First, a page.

Here are Hilda and the Runaway Baby on the title page of their book, with an epic journey ahead of them: Hilda living her peaceful, solitary life at the foot of the hill, the baby poised for adventure at the top. But they have a fairly epic journey behind them too – their story was first sketched out in 2008 during a game at an evening class.
This first storyboard was made in about twenty minutes, in response to Michael Sowa’s painting of a pig pulling a pram, Midsummer Night. My books usually begin as doodles (such as these of The Girl with the Parrot on her Head and her boxes), their stories teased out slowly in sketchbooks. But the process for Hilda and the Runaway Baby, apart from being much faster, was basically the same one of building a story from an image (or images) in answer to the questions it provokes – who is this girl with a parrot on her head? Why does she have these boxes of wolves and the dark? Or, how does a pig end up pulling a pram, and where is she pulling it to? Well, she’s rescuing a baby of course – an adventurous baby.
There was a lot wrong with this storyboard, as the red scribbles, made during my MA in Children’s Book Illustration, suggest. There was bad design (full-bleed images butting up against each other, page-turns in all the wrong places), bad pacing (several images where one would do, other parts squished to obscurity), and the peculiar static effect of Hilda and the baby turning around and trying to set off backwards through the book. There was also the problem hinted at by my note on the baby’s homecoming: “But I want the pig!” Whether I meant this as my thought or the baby’s, it started the process of shifting the focus onto this friendliest, reddest of pigs. So now it’s the baby who insists, post-rescue, that the restored (pig-less) status quo will just not do.
Hilda wasn’t always a red pig: when I first screen-printed the characters I tried her in pink too, but I’d met these striking red Tamworths in Herefordshire, and the red Hildas felt right.
I revised The Runaway Baby (as it was called until I realised Hilda should get top billing) through many storyboards and dummy books, screen-printed some sample illustrations and entered it in the 2012 Macmillan Prize: I was extremely happy when it won the Lara Jones Award, but it didn’t find a publisher until 2014 when Walker decided it could be my third book.
Taking years to get from storyboard to published book can be frustrating, but it has its advantages too. One is that while stories are hanging around they seem to snowball, rolling along and gathering up bits of my life – experiences, places and people, pigs. So the mountainous landscape Hilda and the baby inhabit is a (probably indefensible) mixture of the Spanish Alpujarras (white hilltop villages, almond trees and chimneys with hats on), Northern Argentina (mountains and poplars) and the Malvern hills (the Herefordshire beacon has snuck into a mountain range).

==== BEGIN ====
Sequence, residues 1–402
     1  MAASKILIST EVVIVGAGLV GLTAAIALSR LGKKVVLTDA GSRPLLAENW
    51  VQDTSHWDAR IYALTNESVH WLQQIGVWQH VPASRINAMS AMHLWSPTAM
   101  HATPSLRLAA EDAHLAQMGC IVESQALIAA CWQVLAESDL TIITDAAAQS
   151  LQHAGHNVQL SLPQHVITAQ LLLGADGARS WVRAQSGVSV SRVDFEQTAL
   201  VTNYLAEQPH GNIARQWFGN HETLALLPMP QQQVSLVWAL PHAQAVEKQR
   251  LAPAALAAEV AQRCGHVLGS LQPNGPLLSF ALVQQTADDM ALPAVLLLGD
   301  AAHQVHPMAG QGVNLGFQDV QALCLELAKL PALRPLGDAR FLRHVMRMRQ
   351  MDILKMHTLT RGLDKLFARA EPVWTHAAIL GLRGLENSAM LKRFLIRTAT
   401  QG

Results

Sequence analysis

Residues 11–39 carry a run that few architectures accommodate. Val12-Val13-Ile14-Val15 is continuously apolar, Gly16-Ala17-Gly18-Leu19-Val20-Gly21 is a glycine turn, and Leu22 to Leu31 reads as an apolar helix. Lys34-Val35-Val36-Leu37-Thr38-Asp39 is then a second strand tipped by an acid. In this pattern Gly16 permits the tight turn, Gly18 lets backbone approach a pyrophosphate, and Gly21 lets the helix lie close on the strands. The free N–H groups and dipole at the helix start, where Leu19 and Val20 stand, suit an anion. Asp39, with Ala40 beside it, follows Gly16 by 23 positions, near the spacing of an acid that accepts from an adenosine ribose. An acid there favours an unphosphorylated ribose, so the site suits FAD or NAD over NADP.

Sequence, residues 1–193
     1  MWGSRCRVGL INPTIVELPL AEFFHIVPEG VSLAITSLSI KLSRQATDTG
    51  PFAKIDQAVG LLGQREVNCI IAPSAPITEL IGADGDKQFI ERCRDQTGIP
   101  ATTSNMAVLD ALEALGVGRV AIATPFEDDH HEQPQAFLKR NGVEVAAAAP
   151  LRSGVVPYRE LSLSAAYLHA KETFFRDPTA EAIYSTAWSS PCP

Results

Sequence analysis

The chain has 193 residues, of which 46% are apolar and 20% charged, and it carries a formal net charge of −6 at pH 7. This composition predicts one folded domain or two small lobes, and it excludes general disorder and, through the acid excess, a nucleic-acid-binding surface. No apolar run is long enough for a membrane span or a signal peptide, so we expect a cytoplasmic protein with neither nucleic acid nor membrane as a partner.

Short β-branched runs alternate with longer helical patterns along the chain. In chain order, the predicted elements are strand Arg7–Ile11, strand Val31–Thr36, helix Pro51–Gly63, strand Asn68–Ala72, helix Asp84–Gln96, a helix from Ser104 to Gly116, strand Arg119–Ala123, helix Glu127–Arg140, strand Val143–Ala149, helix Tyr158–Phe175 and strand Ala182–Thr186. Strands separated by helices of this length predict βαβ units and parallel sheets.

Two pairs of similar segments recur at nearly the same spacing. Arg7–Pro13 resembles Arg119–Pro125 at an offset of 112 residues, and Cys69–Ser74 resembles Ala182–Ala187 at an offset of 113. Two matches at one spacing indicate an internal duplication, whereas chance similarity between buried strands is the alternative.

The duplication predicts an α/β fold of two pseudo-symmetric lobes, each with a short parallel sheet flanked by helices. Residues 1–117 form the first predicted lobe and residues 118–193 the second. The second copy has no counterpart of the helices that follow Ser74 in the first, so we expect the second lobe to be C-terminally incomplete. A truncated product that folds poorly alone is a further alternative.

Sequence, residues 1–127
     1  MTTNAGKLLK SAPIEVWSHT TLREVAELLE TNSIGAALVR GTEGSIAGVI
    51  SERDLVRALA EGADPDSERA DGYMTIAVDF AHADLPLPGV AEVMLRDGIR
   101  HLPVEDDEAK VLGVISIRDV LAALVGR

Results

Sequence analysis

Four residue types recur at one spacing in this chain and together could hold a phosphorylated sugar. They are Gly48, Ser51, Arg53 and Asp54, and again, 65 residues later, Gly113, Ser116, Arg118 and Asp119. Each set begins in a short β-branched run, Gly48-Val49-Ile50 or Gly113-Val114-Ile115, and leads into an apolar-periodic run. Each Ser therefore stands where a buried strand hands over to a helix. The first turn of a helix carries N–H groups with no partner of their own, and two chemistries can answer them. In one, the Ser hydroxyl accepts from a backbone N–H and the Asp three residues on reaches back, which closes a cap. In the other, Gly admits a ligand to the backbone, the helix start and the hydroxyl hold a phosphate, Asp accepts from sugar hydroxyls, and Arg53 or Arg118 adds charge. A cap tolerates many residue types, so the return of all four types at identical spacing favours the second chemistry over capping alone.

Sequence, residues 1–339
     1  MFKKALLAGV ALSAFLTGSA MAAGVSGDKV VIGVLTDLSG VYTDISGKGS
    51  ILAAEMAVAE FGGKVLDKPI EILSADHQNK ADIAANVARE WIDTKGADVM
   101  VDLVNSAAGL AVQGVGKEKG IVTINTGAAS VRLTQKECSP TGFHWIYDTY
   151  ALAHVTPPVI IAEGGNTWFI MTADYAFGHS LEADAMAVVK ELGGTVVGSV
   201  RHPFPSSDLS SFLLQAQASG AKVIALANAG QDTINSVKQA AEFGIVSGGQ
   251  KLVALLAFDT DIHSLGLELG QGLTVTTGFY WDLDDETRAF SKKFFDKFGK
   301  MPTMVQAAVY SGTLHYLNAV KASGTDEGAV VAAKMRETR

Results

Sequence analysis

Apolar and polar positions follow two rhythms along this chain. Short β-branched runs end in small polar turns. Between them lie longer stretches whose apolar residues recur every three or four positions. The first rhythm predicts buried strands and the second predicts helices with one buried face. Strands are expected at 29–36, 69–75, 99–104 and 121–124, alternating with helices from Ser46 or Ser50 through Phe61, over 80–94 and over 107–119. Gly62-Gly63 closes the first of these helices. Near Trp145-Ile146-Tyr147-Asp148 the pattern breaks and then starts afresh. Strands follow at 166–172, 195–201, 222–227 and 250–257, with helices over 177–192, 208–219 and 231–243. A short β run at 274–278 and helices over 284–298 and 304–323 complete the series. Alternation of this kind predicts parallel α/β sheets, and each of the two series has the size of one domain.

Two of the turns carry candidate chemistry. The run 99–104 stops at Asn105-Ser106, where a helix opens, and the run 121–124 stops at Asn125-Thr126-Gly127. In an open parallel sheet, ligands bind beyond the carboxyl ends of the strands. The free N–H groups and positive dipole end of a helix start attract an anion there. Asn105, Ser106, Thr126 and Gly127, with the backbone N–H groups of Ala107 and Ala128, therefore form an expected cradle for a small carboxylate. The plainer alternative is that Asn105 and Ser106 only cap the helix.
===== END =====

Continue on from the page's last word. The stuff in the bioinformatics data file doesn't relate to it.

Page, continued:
Another advantage of the epic process was that when I finally came to make the artwork for Hilda I was a bit better-equipped – as hopefully shown by the student and final versions above. Only a bit though – this was still my most challenging book to illustrate, and often felt like an insane undertaking. Screen-printing is an excellent way to make yourself simplify your imagery and limit your colour palette – unless you just decide not to do those things, and instead print an eleven-colour book containing townscapes featuring numerous tiny cats, chickens, figs, flowers, violins and people with faces smaller than lentils, alongside landscapes which need to be atmospheric, feel as if you could walk into them, and convey at least five distinct times of day and night… well, as Hilda says,
Hilda is my longest and shortest book: it has 32 pages where my others have 40, but a few more words, and its designer’s genius idea of changing the format from portrait to landscape allowed us to fit whole landscapes on half-spreads, which almost felt like having twice as many pages (and twice as much printing to do). This meant I could establish both characters more firmly at the beginning of the book, and feel surer I was leaving them satisfied at the end.
Babies, apparently, can be problematic protagonists outside baby books (although, surely John Burningham’s Avacado Baby and Raymond Briggs’ The Elephant and the Bad Baby two of the best picturebooks EVER). So it was useful to realize that Hilda, for me, was the point of the book, and the character I must persuade a publisher to fall for. Having said that, I also fell for the baby: it helped that by the time I was making the illustrations, my first niece was hurtling through babyhood demonstrating astonishing intelligence, resourcefulness and charm – like many babies as described by their families, I suppose, although their cats might have different ideas.
Pick up your copy of Hilda and the Runaway Baby at your local bookshop.